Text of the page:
Due to COVID-19, urban spaces in cities across the world have been instantly repurposed to serve the needs of citizens. Bruges' Belfort Museum opened its doors to students needing study spaces.
As a result of travel and social distancing restrictions and changing work and life habits in the COVID-19 pandemic, we have seen urban spaces being used in different ways to address the needs of the community and the Belfort in Bruges is no different.
With parents working from home and schools and libraries closed, it isn’t easy for students to find a good study space right now. But the Belfort, dating back to the 13th-century, has been empty of its usual tourists and visitors and its large halls offer the possibility of socially distant study. In the beautiful and historic halls the Belfort can accommodate up to 200 students in need of a calm study environment being given priority.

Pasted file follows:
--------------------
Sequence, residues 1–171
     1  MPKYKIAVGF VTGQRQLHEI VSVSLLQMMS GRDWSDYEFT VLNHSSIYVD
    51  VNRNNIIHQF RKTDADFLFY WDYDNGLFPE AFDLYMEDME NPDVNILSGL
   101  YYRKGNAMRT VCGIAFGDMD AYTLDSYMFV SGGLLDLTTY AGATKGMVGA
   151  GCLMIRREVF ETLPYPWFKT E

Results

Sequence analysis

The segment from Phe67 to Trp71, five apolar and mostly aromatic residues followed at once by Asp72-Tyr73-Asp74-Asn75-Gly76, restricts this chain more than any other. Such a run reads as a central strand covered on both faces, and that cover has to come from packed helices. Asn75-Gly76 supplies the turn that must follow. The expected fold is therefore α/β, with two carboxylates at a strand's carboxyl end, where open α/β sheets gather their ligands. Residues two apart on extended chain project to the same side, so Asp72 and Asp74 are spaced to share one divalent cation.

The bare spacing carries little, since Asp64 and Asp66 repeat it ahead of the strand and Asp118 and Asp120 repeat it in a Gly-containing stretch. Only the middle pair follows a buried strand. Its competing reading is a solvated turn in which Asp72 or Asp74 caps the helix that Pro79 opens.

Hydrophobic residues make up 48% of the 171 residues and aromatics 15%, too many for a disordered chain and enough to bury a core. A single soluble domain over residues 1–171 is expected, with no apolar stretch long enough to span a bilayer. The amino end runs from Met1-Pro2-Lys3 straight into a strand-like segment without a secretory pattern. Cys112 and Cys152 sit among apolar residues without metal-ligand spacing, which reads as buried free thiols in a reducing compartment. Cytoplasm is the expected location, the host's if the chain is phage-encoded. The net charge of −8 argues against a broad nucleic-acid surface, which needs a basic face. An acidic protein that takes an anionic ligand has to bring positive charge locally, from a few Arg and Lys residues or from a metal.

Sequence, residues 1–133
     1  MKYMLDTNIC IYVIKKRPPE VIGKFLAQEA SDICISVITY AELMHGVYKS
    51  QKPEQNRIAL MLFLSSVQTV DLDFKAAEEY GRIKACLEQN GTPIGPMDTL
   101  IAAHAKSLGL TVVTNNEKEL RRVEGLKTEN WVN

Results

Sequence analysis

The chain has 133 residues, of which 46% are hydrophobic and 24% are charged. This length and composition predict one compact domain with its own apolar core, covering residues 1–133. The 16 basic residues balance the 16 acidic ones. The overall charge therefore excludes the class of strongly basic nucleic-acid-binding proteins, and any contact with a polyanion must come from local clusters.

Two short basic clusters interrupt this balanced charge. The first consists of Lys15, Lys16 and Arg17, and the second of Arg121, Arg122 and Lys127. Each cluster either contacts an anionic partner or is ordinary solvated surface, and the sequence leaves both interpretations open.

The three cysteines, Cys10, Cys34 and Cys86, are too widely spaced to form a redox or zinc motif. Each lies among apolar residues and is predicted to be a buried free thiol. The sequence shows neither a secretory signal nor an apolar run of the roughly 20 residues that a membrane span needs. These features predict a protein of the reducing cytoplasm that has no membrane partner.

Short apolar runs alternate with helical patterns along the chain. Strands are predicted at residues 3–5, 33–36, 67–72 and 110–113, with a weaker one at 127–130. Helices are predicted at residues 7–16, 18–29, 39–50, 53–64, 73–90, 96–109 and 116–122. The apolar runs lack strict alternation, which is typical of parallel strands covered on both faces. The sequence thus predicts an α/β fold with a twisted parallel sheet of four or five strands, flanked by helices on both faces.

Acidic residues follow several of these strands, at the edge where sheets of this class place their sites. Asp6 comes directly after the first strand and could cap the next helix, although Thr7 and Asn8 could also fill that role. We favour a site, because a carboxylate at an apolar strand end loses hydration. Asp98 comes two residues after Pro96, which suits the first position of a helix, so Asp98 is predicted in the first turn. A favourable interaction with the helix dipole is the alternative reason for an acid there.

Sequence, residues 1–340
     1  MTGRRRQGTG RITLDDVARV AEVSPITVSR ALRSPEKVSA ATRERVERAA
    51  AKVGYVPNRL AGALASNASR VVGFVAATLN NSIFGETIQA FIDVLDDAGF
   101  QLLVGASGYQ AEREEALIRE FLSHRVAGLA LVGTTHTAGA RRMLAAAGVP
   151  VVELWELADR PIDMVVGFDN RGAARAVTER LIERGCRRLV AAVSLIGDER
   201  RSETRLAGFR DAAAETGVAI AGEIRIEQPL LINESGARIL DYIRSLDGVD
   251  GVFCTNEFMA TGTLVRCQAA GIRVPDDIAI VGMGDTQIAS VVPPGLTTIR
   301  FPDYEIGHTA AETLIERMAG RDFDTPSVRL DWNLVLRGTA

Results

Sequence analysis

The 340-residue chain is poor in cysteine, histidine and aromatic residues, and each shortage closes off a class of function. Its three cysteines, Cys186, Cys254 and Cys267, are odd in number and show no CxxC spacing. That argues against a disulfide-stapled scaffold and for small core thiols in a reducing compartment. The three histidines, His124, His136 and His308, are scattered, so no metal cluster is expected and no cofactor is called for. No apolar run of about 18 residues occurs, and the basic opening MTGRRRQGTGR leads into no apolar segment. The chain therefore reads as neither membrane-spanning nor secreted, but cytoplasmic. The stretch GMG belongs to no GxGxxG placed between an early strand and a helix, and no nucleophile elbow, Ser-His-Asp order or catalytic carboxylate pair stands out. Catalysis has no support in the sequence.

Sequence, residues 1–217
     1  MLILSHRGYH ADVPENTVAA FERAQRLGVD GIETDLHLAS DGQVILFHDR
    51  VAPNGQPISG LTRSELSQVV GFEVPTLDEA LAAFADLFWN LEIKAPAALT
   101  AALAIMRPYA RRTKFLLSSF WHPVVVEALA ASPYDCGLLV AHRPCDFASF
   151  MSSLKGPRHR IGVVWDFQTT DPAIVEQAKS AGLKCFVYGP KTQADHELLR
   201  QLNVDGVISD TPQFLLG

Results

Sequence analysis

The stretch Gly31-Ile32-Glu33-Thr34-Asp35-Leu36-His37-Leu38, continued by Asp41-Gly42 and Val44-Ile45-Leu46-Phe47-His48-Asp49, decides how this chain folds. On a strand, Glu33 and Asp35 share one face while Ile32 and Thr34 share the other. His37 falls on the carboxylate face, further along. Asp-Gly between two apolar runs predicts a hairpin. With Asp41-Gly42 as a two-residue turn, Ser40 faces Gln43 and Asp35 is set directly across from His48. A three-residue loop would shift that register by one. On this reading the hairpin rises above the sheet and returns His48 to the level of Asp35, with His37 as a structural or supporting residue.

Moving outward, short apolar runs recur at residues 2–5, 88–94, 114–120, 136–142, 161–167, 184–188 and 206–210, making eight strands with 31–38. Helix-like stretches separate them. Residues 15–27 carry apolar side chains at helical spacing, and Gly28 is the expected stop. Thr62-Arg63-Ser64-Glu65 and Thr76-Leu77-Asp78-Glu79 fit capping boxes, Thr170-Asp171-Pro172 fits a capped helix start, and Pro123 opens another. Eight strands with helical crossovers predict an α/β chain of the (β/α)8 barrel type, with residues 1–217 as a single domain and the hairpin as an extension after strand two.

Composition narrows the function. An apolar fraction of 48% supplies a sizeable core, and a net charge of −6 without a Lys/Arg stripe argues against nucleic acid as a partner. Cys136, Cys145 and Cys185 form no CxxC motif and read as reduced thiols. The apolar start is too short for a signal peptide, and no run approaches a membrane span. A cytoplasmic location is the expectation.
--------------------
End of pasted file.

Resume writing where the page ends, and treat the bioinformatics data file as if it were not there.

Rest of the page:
It’s interesting to see how public squares, parking spaces and buildings have instantly been repurposed in cities across the world to take on new functions during the pandemic. The COVID-19 outbreak shows that cities are much more flexible and adaptive than we might think.